Famous Quotes & Sayings

Ibram X. Kendi Quotes & Sayings

Enjoy the top 6 famous quotes, sayings and quotations by Ibram X. Kendi.

Share on Facebook Share on Twitter Share on Google+ Pinterest Share on Linkedin

Ibram X. Kendi Quotes 1764333

ON JUNE 25, 1890, W. E. B. Du Bois spoke at his Harvard graduation ceremony. He had now excelled, and had graduated from the most prestigious historically Black college and the most prestigious historically White college in the United States. He felt he was showing off the capability of his race. Du Bois's "brilliant and eloquent address," as judged by the reporters, was on "Jefferson Davis as Representative of Civilization." In Du Bois's rendering, Jefferson Davis, who had died the year before, represented the rugged individualism and domineering European civilization, in contrast to the rugged "submission" and selflessness of African civilization. The European "met civilization and crushed it," Du Bois concluded. "The Negro met civilization and was crushed by it." According to Du Bois's biographer, the Harvard graduate contrasted the civilized European "Strong Man" to the civilized African "Submissive Man."5 — Ibram X. Kendi

Ibram X. Kendi Quotes 266559

some British settlers of colonial America carried across the sea Puritan, biblical, scientific, and Aristotelian rationalizations of slavery and human hierarchy. — Ibram X. Kendi

Ibram X. Kendi Quotes 410149

Time and again, racist ideas have not been cooked up from the boiling pot of ignorance and hate. Time and again, powerful and brilliant men and women have produced racist ideas in order to justify the racist policies of their era, in order to redirect the blame for their era's racial disparities away from those policies and onto Black people. — Ibram X. Kendi

Ibram X. Kendi Quotes 877418

Ligon's distinction between making "a Christian a slave" and "a slave a Christian" turned this idea on its head. — Ibram X. Kendi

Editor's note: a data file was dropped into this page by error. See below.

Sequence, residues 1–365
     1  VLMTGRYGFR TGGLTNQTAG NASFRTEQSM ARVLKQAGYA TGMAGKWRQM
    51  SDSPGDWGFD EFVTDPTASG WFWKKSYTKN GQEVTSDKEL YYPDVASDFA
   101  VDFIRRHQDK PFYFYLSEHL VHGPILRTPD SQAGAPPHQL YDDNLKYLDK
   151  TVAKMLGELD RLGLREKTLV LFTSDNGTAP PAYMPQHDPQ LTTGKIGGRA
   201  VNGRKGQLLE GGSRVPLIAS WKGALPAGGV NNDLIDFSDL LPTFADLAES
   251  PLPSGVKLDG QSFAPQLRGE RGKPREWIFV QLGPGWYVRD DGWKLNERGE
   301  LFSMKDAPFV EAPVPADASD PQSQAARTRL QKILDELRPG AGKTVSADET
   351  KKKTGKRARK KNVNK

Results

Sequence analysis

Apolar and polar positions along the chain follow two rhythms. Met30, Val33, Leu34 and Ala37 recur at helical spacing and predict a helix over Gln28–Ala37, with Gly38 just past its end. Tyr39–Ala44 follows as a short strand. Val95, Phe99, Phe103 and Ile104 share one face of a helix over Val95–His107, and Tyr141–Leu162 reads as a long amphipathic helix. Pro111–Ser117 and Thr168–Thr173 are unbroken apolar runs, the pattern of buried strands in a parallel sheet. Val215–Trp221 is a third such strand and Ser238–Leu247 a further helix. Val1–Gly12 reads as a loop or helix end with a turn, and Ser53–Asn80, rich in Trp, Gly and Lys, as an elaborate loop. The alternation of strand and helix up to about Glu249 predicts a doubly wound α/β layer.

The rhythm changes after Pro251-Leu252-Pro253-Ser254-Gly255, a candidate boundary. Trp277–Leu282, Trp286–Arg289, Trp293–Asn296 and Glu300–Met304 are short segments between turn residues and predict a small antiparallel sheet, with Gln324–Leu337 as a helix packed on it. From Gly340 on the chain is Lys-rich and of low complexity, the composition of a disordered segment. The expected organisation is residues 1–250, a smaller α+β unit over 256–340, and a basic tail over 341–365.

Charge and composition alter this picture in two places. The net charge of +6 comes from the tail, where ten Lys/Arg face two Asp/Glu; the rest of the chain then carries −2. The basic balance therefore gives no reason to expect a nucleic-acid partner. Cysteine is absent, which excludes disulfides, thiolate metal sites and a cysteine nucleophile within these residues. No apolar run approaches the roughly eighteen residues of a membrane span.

Ibram X. Kendi Quotes 1668014

The first major debate between racists had invaded the English discourse. This argument about the cause of inferior Blackness - curse or climate, nature or nurture - would rage for decades, and eventually influence settlers to America. Curse theorists were the first known segregationists. They believed that Black people were naturally and permanently inferior, and totally incapable of becoming White. Climate theorists were the first known assimilationists, believing Black people had been nurtured by the hot sun into a temporary inferiority, but were capable of becoming White if they moved to a cooler climate. — Ibram X. Kendi

Ibram X. Kendi Quotes 2057859

Nearly every English speaker interested in Africa read Stanley's Through the Dark Continent (1878), and nearly everyone who read Stanley came away viewing African people as savages, including novelist Joseph Conrad, who authored the classic Heart of Darkness in 1899. The White character's journey up the Congo River "was like traveling back to the earliest beginning of the world" - not back in chronological time, but back in evolutionary time.2 — Ibram X. Kendi